Mercury Sportsman Convertible

The 1945-48 period was a heady time in American automobile history. Automakers were struggling to fill pent-up demand for new cars while battling materials shortages and fending off labor disputes. At the same time, however, a few new prestige models were developed to accompany the bread-and-butter cars, which were barely changed from the 1942 models. Heading these prestige cars was a bevy of wood-bodied sedans, wagons and convertibles.

Chrysler Corporation had introduced a novel barrel-back Town & Country sedan-wagon before the war, produced as a Royal in 1941 and Windsor in 1942. A flight of five woodie styles was planned for 1946, but in the end only a Windsor sedan and New Yorker convertible were put on sale. Nash, meanwhile, put wood appliqué on an Ambassador sedan and sold it as the Suburban from 1946 to ’48, while Chevrolet offered a dealer-installed Country Club wood kit for 1946-48 models. At first glance it might appear that the Ford and Mercury Sportsman convertibles were conceived in envy of the Chrysler Town & Country, but the truth is not so simple.

Because the wood framing was necessarily larger than equivalent steel, the back end ended up a bit bulkier, and convertible fenders wouldn’t work. Instead, rear fenders and taillights from the 1941 sedan delivery were used. Sportsman seats were upholstered in genuine leather facings in tan or red, with French stitching. The front floor mats had color-keyed carpet inserts, and power windows were standard. Announced in September, the first Sportsman was completed in December 1945 and presented to actress Ella Raines at Christmas.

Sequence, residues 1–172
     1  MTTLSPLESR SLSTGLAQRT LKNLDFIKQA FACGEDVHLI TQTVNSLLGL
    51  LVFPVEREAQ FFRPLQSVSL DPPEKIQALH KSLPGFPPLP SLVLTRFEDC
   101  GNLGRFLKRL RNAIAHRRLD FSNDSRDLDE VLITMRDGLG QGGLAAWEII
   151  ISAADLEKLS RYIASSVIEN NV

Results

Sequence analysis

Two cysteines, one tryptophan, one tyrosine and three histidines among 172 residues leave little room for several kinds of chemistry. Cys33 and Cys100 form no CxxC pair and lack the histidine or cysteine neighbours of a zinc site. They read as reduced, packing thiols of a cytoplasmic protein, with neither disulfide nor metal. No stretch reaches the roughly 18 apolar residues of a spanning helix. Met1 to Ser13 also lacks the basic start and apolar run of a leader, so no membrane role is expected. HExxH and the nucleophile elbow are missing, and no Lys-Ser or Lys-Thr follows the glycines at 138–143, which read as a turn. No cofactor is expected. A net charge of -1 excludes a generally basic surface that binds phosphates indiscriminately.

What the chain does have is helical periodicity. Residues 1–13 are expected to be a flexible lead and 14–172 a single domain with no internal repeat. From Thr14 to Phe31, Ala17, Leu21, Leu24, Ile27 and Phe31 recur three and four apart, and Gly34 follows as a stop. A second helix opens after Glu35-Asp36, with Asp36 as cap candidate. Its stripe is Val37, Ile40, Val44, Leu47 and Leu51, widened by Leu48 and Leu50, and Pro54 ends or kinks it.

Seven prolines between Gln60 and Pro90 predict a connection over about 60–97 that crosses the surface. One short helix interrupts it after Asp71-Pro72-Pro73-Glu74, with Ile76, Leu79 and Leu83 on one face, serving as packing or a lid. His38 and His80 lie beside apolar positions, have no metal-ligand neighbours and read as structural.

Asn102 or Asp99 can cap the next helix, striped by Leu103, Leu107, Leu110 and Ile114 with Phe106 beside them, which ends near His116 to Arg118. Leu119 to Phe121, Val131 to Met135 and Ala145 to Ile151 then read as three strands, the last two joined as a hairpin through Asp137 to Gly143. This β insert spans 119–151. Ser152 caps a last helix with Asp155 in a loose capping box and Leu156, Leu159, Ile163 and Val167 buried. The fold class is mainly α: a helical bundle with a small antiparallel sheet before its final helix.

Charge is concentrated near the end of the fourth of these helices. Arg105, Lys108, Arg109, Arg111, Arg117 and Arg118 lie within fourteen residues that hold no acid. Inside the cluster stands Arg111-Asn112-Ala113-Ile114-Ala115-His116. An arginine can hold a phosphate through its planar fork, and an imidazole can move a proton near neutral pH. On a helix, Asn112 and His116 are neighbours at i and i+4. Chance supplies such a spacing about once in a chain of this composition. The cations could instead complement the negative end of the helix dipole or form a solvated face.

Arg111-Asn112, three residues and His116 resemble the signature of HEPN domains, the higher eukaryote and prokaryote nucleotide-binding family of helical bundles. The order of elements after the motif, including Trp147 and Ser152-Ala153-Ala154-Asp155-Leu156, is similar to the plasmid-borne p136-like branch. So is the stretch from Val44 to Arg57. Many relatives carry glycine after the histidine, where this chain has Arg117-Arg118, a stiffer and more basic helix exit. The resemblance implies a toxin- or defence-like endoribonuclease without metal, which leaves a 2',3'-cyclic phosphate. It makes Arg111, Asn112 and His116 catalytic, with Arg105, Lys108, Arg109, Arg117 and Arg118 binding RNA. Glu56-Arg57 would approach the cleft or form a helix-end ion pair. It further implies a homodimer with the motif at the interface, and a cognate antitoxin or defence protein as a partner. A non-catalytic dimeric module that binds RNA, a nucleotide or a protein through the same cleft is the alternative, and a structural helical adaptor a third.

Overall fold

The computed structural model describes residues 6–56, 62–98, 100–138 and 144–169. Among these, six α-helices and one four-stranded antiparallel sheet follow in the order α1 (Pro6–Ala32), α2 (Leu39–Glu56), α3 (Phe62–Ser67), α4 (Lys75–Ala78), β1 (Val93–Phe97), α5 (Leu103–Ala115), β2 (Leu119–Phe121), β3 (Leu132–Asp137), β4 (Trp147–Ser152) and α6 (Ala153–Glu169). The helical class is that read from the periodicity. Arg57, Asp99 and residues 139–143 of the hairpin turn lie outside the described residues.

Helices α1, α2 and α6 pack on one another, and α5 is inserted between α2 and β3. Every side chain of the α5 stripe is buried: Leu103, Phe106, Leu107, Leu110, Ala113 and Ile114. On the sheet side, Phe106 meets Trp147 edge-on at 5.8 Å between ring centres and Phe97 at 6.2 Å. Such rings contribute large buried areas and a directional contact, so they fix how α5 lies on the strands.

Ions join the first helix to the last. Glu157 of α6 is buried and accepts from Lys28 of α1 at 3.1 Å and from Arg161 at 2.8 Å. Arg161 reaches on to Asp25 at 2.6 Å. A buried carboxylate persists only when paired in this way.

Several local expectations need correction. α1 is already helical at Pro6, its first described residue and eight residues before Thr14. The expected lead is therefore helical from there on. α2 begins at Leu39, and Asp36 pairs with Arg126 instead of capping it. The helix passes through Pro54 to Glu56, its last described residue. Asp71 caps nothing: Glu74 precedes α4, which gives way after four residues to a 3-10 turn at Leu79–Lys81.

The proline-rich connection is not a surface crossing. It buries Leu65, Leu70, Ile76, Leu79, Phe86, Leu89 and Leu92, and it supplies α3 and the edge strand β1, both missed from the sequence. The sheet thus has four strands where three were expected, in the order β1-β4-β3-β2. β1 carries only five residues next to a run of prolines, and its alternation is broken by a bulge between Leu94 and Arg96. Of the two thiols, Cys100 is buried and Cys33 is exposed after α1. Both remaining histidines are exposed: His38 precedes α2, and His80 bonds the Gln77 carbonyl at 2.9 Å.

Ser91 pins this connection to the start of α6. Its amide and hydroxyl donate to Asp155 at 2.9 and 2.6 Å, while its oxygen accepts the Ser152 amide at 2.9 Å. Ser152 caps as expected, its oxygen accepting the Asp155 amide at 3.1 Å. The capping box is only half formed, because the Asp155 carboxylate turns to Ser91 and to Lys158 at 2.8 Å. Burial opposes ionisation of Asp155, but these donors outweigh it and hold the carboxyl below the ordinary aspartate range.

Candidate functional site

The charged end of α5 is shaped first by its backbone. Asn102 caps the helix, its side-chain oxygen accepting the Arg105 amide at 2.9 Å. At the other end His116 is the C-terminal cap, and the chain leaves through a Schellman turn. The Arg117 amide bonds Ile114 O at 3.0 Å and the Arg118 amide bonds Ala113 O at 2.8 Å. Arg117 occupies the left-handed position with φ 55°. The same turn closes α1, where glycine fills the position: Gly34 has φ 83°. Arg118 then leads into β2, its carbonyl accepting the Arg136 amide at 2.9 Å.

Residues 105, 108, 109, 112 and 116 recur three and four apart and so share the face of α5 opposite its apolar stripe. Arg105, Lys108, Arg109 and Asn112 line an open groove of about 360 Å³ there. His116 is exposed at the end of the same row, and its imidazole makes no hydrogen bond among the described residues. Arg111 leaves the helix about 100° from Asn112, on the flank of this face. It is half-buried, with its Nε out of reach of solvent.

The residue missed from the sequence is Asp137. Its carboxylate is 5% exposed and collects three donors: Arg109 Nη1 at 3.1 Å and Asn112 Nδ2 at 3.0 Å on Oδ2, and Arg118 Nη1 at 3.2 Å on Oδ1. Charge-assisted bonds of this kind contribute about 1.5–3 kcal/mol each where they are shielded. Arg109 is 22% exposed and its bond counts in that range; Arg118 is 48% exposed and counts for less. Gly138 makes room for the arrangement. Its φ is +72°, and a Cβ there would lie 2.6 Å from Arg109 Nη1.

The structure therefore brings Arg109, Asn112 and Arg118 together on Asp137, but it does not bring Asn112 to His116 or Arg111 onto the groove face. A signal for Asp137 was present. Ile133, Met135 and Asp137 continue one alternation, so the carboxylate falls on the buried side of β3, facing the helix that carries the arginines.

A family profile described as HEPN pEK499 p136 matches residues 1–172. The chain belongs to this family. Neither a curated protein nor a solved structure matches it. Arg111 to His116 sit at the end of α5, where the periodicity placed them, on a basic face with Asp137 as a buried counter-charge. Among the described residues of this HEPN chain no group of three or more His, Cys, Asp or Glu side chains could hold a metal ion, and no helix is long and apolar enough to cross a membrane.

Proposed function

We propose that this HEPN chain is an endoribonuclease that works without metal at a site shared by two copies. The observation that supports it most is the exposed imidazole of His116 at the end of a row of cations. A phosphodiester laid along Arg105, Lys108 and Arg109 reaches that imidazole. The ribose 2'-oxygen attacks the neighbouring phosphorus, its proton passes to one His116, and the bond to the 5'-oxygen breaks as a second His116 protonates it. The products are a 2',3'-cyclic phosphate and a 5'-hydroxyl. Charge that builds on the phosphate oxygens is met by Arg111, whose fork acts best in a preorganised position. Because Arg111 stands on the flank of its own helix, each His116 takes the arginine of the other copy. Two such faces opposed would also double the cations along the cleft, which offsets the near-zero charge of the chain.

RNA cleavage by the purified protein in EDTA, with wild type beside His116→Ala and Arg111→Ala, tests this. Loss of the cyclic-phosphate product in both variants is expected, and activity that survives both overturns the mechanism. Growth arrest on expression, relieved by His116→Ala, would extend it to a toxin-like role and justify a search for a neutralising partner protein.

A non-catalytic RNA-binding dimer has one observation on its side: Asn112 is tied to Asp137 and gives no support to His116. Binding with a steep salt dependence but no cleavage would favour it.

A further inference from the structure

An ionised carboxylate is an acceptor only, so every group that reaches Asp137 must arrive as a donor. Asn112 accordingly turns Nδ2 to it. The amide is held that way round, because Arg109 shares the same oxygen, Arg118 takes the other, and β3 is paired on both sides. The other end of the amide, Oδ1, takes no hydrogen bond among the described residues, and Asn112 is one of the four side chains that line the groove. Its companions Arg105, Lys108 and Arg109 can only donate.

The Sportsman became part of the Ford Super Deluxe line; at $1,982 it was about $500 more than a standard convertible. Mercury, too, got a Sportsman, in April 1946, selling for $2,209, about the same margin over a regular Mercury convertible.

This car was auctioned off by RM Auctions in August 2009 at the Portola Hotel & Spa and Monterey Conference Center, Monterey, California.

100 bhp, 239.4 cu. in. L-head V8 engine, three-speed manual transmission with Columbia two-speed rear end., solid front axle and live rear axle with transverse semi-elliptic leaf springs, four-wheel hydraulic drum brakes. Internal modification by way of four-inch Mercury crankshaft and later Mercury cam give additional horsepower but retain factory appearance for judging. Wheelbase: 118".

Source: RM Auctions
Photo Credit: Copyright Darin Schnabel

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